Sutton Place Gourmet grocery is leaving Baltimore area

THE BALTIMORE SUN

The meat counter is empty and the bakery shelves bare. The sushi station is oddly quiet, too.

After 14 years of offering Pikesville shoppers fancy foods they couldn't find in regular groceries, Sutton Place Gourmet is closing its Woodholme Shopping Center location.

The store, Sutton's only location in the Baltimore area, began selling nonperishables at a 30 percent discount Wednesday and expects to stop operations for good by Jan. 18.

The gourmet grocer follows the fate of some other upscale retailers, such as Saks Fifth Avenue, that have left the area over the years.

But Balducci's Food Lovers Market, the company that owns Sutton Place, said that it wasn't leaving because Baltimore didn't have sufficiently expensive taste. The 10,000-square- foot building that houses the market needed repairs that the company thought would be too costly to make, it said.

"It really is a matter of investment," said Joe Dobrow, Balducci's vice president of marketing.

The owners of Sutton Place said they are working with the owners of the property to find a replacement, perhaps a smaller grocery. Employees have been offered severance packages or jobs at other locations. Bethesda is the only other Maryland store, according to the company's Web site.

The Pikesville store is the only Sutton Place location being closed. The company plans to open a store in the historic New York Savings Bank building in Manhattan this summer.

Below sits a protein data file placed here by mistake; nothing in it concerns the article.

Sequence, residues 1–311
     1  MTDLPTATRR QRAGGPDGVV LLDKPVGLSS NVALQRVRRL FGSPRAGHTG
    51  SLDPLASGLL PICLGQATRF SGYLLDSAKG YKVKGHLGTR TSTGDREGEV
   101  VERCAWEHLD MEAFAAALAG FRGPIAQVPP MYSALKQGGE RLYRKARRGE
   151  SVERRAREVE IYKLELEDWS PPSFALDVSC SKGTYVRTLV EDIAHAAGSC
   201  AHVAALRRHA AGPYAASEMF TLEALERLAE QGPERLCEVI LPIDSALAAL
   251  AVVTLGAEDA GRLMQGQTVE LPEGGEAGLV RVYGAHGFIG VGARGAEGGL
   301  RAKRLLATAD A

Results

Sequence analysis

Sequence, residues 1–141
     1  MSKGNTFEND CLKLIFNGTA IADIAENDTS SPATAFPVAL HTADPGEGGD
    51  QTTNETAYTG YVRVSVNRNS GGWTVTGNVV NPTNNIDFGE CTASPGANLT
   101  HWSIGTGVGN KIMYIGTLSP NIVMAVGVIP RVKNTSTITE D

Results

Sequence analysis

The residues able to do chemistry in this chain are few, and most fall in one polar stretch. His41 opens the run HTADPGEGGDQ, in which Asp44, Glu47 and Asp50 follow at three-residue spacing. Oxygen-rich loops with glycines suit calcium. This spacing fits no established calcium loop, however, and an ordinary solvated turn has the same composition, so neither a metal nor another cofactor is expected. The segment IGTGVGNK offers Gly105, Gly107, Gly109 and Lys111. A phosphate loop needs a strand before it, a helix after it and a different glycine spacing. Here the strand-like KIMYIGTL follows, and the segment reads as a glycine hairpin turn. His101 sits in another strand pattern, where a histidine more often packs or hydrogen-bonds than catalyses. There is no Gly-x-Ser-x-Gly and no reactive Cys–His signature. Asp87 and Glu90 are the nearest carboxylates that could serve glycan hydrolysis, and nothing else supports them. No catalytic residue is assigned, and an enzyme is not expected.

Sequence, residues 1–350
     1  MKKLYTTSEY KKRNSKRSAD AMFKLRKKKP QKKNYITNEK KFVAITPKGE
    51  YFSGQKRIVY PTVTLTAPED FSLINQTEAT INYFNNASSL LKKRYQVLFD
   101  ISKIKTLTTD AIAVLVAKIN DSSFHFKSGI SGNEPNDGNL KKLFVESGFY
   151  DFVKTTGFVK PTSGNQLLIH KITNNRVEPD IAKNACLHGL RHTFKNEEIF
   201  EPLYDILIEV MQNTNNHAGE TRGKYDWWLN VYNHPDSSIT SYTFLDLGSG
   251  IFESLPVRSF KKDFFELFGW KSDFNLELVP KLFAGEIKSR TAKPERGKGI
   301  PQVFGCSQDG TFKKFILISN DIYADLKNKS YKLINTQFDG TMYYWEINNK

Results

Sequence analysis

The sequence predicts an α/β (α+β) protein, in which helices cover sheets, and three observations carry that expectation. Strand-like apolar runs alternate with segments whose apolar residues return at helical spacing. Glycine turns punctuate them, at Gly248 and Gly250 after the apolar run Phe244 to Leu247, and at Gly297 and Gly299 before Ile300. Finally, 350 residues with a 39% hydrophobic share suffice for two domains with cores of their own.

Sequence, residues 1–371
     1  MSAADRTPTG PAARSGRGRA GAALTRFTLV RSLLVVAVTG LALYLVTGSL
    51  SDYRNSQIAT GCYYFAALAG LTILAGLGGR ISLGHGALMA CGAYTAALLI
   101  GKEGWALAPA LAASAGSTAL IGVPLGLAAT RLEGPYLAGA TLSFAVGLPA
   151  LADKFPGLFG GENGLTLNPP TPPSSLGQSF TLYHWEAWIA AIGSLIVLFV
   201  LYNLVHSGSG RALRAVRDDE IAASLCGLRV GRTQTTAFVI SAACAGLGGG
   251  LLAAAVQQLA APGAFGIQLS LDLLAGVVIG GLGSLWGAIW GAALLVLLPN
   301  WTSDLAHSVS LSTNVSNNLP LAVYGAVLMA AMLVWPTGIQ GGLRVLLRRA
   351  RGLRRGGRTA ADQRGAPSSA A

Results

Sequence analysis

Balducci's is headed by Mark Ordan, who sold the Fresh Fields grocery stores to Whole Foods Market for $135 million in 1996. Balducci's management -- many of them formerly at Fresh Fields -- spent a year deciding what to do with the Pikesville location. The store is about half the size of most of its stores and wouldn't produce the revenue to pay for repairs, they said.

"We looked at this and agonized over it for more than a year," Dobrow said. "It would have taken millions of dollars of investment to get it in the right shape. Given the sales volume, there's no way we would have been able to get a good return on the investment."

Dobrow said the company looked for another location but couldn't find one it deemed suitable. The company hasn't ruled out returning to the Baltimore market, he said.

Loyal patrons crowded the store yesterday. Many of the departments, including the meat, seafood, fruits and the bakery, had already been shut down, the shelves empty and wiped down. Some shoppers wandered around disappointed. Some said they had gotten e-mail notices from the company this week announcing the closing.

Annette Ingerman, a personal fitness trainer who lives in Pikesville, comes into the store a couple of times a week for fruits, vegetables and fish. She was surprised and upset when a friend told her about the closing.

"We need a good place in this area," Ingerman said.

Karen Noah, a hairdresser, said she was also a little sad, although she wasn't always happy with the service.

"It's a great place to come in and pick up dinner or specialty foods that you wouldn't find in a normal grocery store," Noah said.

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